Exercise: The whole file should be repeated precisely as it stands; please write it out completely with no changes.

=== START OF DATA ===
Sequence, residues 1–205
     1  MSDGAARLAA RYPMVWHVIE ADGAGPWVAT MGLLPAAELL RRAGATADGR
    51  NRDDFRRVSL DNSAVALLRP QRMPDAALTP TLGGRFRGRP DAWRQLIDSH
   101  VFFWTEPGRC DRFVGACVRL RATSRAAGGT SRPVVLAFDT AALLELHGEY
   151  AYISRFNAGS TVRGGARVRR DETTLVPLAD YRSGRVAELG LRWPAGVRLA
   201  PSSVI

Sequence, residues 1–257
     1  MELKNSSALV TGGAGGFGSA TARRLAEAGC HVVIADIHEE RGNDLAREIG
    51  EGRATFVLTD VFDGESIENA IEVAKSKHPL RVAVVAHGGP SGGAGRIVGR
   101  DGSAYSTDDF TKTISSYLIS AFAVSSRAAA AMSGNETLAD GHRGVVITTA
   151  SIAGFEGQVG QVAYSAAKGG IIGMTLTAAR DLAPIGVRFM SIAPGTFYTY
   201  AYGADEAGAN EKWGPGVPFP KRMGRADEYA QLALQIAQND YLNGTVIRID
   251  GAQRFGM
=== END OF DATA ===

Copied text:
Sequence, residues 1–205
     1  MSDGAARLAA RYPMVWHVIE ADGAGPWVAT MGLLPAAELL RRAGATADGR
    51  NRDDFRRVSL DNSAVALLRP QRMPDAALTP TLGGRFRGRP DAWRQLIDSH
   101  VFFWTEPGRC DRFVGACVRL RATSRAAGGT SRPVVLAFDT AALLELHGEY
   151  AYISRFNAGS TVRGGARVRR DETTLVPLAD YRSGRVAELG LRWPAGVRLA
   201  PSSVI

Sequence, residues 1–257
     1  MELKNSSALV TGGAGGFGSA TARRLAEAGC HVVIADIHEE RGNDLAREIG
    51  EGRATFVLTD VFDGESIENA IEVAKSKHPL RVAVVAHGGP SGGAGRIVGR
   101  DGSAYSTDDF TKTISSYLIS AFAVSSRAAA AMSGNETLAD GHRGVVITTA
   151  SIAGFEGQVG QVAYSAAKGG IIGMTLTAAR DLAPIGVRFM SIAPGTFYTY
   201  AYGADEAGAN EKWGPGVPFP KRMGRADEYA QLALQIAQND YLNGTVIRID
   251  GAQRFGM